British Masters betting: Steve’s top tip

Let’s assume Sergio Garcia (10/1) isn’t bushed by jet lag or playing three of the four FedEx Cup playoff weeks.

If you look at his bare form and the nature of the Colt course at Close House, he’d have to be pretty high on your list on what is, admittedly, a very strong field in the North East for the British Masters.

Tenth at the Tour Championship, Garcia finished nicely on the final day with a 67. That brought to   an end a decent week only marred by an opening 73.

It also came on the back of 12th at the BMW Championship and represents Garcia’s best form since winning the Masters.

Close House is a course that demands accuracy. There’s a couple of very tight tee shots, most notably at the seventh and 11th. But there’s few better than Garcia from the markers.

Eighth on the PGA Tour in greens in regulation, and not far behind that in strokes gained tee to green, if he has an average week with the flat stick he should be thereabouts.

No one knows the Colt course better than Lee Westwood (28/1). The Englishman plays here so much he’s got his own parking space and competed in last year’s club championship!

A tidy third at the KLM Open has him in the right place at the right time. There will be some – a lot of locals – who’ll have their money down.

I may be among them but Westwood is hosting this tournament and that brings a number of extra commitments with it.

Rory McIlroy (7/1) is the star name in the line up – giving a huge boost to the event – and the clear favourite.

Victory here would be a perfect way to round off a disappointing year after missing out on the Tour Championship finale. At the price and given current form, though, it’s something of a risk to stick your hard earned down.

British Masters betting: Steve’s each-way selection

A nice and easy one to start. Eddie Pepperell’s finished fifth, third and third in his last three European Tour events. He’s 45/1. Enough said.

I also think Close House could be made for Ian Poulter (33/1). Length – particularly off the tee – is not Ian’s friend but that will not be a problem in Newcastle.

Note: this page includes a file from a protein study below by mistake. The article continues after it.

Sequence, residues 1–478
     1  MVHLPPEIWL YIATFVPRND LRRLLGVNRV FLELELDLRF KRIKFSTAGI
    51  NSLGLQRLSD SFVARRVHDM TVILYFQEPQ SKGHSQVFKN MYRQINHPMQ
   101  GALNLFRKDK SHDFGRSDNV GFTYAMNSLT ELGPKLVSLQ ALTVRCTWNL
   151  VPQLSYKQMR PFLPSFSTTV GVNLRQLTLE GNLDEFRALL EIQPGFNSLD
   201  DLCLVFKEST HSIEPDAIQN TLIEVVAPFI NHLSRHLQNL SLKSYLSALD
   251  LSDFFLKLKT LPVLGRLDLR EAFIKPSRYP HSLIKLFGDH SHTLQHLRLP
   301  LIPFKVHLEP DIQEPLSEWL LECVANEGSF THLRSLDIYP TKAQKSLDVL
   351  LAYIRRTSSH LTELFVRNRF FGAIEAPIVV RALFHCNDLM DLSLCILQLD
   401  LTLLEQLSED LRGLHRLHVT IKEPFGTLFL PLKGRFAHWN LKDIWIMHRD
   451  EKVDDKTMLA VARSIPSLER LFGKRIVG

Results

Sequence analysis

At a shade under 7,000 yards, he shouldn’t have the disadvantage of having to hit lots of long clubs into greens.

What you have to do is get up and down and that’s been Poulter’s forte this season. He leads the PGA Tour in scrambling, is third in strokes gained around the green and 5th in proximity to the hole when getting out of sand.

He could still do with putting a little better and his recent form is a negative. But Poulter has been playing a lot of golf all year – firstly in a bid to get his card back and then in an effort to make the Tour Championship.

Having had a week off after not making it to East Lake, he’ll be fresher than some of those in the field. Wouldn’t he love to contend in front of a home crowd that would be fervently behind him?

British Masters betting: Steve’s outsider bet

British Masters

It’s probably a measure of the quality of the field that Jordan Smith is 100/1. But he just shouldn’t be.

The Englishman is being talked about as a Ryder Cup debutant next year. He won the European Open and followed up with a top 10 at the PGA Championship.

It’s natural to have something of a lull after two big weeks like that and, last time out, Smith missed the cut at the European Masters.

This is a chance for him to shine on home soil. Having not played since Crans-sur-Sierre, I’ll take three figures on him potentially making a run at Close House.